Bringing Information Technology to the Forefront through Cloud Computing
“Business has only two functions – marketing and innovation.”
– Milan Kundera, Czech novelist, playwright and poet.
This is an age of marketing. From pins to planes, everything’s branded. Therefore, unless you can market your product or service, no one will buy – even if it’s the best one round. The same holds true for individual career growth. There may be several competent people around, but the employee who rises in the company hierarchy and gets the fat bonus is the one who catches the eye of the senior manager.
Now replace “employee” in the above sentence with “CTO (Chief Technological Officer)” and “senior manager” with “Chief Executive Officer (CEO) and the Board of Directors,” and it still holds true. In other words, the CTO’s personal growth in the company is tied into his visibility with the CEO and the Board. This article is directed at that CTO who is interested in increasing his personal stock with the powers-that-be.
The CTO knows well enough that in non-IT (Information Technology) sectors, IT is considered a support function. Although it may be a necessary requirement for every kind of business today, other functions rule the roost when it comes to visibility and taking credit for success, functions like business development, operations, and – no surprises here – marketing.
In order to be considered more than a support function, IT has to show itself as the driver of business and the source of tangible benefits for the organization. Migrating from traditional IT infrastructure to cloud computing can do exactly that.
Two of the clearest determinants that cloud computing can have a tangible impact on are costs and efficiencies. Consider the following example. You are the CTO of a firm that has thousands of employees spread all across the globe, most of whom need to communicate with each other regularly. It is obvious that email communication is an integral aspect of business. Now, if you convince the Board to adopt a cloud-based email service like Gmail, you can immediately reduce costs of operations on the Income Statement. Combine that with the ability to share documents through Google Apps and you can directly affect productivity and efficiencies as well.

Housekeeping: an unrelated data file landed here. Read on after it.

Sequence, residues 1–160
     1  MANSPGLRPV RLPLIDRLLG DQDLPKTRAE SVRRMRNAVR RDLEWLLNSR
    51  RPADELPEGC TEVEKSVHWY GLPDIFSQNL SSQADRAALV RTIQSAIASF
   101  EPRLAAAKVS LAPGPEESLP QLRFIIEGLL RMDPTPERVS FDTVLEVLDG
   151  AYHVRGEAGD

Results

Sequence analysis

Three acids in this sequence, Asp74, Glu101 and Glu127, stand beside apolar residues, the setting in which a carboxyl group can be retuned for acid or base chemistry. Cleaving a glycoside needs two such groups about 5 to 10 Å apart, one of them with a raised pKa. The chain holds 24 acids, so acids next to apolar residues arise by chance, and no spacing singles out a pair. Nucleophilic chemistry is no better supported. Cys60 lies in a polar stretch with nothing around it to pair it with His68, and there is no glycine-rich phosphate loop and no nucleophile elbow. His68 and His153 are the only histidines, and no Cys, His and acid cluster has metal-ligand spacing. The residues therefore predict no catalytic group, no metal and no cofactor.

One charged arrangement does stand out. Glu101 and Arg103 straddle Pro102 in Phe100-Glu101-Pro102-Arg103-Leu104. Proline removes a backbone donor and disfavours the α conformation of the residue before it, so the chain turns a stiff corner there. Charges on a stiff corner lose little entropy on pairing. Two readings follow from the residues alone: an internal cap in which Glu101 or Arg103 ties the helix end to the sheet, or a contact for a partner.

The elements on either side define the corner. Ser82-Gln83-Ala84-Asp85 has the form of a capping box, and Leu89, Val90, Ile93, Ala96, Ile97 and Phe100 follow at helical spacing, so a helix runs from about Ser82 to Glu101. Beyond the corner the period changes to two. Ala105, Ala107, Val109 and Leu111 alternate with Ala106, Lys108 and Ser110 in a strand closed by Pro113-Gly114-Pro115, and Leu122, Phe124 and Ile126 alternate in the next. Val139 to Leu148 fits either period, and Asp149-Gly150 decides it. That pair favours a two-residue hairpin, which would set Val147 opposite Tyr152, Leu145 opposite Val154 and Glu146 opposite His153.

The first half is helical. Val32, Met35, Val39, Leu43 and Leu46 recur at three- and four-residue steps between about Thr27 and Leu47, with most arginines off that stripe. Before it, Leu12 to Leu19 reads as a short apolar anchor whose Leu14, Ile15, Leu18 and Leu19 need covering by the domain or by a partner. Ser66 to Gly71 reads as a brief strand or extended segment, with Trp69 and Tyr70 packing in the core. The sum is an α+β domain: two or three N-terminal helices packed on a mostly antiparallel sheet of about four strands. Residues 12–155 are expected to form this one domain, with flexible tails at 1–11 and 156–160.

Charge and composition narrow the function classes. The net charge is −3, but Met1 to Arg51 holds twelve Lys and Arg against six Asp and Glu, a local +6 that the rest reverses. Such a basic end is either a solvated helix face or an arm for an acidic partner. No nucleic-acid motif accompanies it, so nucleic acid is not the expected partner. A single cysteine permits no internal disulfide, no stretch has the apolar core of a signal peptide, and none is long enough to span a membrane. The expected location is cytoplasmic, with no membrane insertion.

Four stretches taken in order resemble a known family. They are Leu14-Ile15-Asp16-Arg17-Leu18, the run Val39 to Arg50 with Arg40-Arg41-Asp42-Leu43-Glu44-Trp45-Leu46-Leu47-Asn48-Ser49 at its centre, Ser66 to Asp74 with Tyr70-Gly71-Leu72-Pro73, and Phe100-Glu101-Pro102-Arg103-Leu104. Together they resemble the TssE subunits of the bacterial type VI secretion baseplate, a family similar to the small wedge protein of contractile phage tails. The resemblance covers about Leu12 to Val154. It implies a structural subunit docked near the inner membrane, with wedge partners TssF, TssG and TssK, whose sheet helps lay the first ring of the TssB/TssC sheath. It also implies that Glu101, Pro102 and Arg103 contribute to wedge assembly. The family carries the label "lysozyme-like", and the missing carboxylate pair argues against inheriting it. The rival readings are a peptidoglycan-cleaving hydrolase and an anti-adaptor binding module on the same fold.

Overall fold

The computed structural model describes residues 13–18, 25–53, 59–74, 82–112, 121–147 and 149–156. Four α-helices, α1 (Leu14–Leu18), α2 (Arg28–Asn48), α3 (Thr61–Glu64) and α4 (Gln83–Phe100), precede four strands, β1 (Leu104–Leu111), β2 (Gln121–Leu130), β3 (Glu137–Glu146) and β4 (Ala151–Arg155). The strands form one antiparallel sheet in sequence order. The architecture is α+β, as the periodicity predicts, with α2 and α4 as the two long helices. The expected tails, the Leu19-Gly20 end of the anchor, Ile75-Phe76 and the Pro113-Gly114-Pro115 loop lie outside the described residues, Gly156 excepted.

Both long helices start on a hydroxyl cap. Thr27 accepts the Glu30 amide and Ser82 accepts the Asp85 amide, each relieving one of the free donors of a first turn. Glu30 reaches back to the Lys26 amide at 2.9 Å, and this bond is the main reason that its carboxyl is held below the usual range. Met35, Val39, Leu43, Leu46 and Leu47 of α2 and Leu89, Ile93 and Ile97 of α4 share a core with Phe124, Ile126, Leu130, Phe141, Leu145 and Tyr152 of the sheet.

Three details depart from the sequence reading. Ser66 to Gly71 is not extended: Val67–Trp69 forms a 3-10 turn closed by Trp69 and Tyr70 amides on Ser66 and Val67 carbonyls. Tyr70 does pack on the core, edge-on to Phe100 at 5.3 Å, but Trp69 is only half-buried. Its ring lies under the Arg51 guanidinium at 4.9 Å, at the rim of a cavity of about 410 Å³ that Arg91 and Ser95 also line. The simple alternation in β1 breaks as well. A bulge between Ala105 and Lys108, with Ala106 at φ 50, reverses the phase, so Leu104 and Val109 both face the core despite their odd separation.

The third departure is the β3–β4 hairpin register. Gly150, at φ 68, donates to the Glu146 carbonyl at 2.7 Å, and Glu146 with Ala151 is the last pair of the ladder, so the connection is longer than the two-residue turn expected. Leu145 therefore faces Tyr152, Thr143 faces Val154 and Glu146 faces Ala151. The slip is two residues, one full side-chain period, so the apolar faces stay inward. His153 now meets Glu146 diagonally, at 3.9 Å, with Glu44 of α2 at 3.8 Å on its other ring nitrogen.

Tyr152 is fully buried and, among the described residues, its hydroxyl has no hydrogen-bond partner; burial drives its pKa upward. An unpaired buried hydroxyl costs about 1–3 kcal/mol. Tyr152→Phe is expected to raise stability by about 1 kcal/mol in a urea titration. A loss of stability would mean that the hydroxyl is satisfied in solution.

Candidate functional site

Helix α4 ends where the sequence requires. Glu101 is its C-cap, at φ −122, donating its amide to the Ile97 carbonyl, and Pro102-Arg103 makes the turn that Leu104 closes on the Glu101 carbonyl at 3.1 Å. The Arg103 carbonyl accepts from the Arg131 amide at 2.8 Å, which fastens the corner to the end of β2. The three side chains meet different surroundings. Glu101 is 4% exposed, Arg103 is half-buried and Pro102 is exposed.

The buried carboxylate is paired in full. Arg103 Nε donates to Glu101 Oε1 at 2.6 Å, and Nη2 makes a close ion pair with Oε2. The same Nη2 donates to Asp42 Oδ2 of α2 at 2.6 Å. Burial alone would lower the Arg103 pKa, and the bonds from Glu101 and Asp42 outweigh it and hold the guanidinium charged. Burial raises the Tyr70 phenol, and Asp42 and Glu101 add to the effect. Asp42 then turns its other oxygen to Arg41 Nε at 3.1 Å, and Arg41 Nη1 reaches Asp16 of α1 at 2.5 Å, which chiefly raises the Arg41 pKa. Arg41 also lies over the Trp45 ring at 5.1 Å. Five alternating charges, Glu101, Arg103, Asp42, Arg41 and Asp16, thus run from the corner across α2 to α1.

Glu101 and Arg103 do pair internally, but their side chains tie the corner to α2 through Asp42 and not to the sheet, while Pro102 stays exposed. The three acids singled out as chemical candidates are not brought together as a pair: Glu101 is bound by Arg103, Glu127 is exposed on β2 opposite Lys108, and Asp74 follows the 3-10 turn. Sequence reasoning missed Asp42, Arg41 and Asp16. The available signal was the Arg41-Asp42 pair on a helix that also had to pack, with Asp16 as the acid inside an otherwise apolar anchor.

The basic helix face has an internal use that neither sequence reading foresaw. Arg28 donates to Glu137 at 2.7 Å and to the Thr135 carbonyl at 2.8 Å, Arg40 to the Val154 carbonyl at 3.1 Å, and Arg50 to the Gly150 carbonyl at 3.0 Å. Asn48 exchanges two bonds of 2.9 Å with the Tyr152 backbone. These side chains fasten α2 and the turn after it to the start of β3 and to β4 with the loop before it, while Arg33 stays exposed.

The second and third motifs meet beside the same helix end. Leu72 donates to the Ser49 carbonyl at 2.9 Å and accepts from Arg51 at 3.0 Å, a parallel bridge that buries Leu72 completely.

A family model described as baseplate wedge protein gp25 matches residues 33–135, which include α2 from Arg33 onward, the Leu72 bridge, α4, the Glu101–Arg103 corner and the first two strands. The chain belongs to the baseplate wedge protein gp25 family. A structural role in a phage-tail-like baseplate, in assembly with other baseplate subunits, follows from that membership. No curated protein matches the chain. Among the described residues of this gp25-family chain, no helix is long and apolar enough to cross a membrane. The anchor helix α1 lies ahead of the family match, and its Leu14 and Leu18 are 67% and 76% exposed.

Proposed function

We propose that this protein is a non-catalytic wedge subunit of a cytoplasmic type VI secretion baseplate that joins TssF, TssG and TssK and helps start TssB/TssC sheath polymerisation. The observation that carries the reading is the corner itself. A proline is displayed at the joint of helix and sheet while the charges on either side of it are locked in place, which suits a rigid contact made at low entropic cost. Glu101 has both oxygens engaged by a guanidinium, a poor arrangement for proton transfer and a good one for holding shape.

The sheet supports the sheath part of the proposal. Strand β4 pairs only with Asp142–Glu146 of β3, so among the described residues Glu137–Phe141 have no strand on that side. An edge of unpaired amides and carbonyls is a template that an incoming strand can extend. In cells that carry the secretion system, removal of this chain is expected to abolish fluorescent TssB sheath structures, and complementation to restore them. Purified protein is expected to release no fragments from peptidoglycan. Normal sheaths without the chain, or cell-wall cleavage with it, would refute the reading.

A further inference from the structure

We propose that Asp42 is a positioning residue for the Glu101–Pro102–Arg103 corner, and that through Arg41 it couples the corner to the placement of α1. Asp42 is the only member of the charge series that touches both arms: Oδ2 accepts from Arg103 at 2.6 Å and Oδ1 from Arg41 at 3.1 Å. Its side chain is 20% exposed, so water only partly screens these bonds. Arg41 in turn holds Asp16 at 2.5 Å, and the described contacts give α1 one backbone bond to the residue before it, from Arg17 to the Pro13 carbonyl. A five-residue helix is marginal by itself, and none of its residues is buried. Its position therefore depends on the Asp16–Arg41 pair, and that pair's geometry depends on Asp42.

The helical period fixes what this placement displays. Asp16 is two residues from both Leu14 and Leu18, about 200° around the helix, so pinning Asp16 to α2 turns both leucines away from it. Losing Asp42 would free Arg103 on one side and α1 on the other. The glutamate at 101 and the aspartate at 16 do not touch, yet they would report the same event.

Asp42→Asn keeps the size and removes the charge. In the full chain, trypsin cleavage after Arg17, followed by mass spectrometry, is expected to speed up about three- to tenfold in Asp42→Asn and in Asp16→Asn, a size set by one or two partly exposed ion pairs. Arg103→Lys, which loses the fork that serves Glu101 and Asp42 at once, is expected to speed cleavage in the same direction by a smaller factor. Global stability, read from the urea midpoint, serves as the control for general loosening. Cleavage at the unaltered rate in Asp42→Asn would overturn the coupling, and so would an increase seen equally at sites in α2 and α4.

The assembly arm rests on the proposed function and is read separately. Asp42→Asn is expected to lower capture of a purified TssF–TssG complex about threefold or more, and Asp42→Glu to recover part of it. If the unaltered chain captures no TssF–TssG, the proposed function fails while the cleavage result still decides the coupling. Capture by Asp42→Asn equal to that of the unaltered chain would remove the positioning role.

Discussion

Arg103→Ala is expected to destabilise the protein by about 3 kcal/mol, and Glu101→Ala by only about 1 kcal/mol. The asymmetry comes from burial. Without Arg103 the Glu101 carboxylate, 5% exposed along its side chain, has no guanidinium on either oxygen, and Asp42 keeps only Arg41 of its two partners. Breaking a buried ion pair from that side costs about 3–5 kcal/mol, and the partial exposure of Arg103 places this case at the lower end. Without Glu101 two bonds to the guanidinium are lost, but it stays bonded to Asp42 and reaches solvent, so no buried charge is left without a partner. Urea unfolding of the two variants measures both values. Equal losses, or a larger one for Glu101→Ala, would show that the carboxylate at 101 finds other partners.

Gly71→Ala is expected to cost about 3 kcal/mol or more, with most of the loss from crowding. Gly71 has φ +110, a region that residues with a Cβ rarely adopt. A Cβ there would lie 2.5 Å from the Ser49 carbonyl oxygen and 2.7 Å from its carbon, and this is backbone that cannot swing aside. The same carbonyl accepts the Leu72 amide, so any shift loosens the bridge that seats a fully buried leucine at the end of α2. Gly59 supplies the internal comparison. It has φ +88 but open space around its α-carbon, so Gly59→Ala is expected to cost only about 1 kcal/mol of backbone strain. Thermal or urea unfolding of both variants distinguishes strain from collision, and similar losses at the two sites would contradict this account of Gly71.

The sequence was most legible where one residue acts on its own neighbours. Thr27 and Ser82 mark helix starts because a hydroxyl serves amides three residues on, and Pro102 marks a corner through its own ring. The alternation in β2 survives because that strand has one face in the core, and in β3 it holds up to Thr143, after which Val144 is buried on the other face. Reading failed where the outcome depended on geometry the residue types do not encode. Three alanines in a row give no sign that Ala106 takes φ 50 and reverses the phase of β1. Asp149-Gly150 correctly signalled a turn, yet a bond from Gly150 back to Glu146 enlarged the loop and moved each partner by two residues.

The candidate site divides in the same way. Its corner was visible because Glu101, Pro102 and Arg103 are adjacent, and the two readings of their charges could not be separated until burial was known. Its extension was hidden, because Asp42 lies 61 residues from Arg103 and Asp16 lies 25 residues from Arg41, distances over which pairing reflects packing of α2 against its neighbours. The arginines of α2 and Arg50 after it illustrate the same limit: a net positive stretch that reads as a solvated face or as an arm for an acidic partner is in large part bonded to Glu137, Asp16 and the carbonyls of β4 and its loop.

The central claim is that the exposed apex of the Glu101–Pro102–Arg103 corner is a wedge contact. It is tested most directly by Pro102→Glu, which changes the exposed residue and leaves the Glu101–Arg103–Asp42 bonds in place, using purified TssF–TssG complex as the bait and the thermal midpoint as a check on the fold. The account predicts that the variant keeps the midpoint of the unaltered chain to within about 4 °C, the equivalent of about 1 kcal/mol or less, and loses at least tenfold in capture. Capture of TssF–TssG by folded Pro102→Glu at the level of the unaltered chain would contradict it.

And operational costs are not the only area where you as the CTO can project cloud computing as a better alternative. If your company is expanding, the Board will be most happy if you tell it that capital expenditure for additional server and related hardware is not required; a fixed service fee, that can be increased or decreased as per demand, will suffice (See: How Cloud Computing Can Save You Money).
Perhaps it will be difficult to push the redundancy and disaster recovery angle unless actual disaster strikes, but the recent earthquakes in Japan and New Zealand can be definite talking points. (See: Earthquakes and Cloud Computing). Also, with “going green” being the management mantra of the decade, perhaps the energy-saving capabilities of cloud computing can be a determinant in pushing IT to the forefront (See: How Green Is Cloud Computing?).
Of course, you will have to be conscious of the risks. However, with proper allocation of resources and attention to detail, it is possible to minimize them (See: Cloud Computing Risks (And How to Deal With Them ) . Pay special attention to the contract you sign with the cloud computing services vendor and have Legal go through every word. (See: The Small Print in Cloud Computing Contracts).
Therefore, a move to the cloud is in the interest of the firm, the CTO and the entire IT department. With cloud computing, IT will no longer be just an enabler of business, but a driver of business.
By Sourya Biswas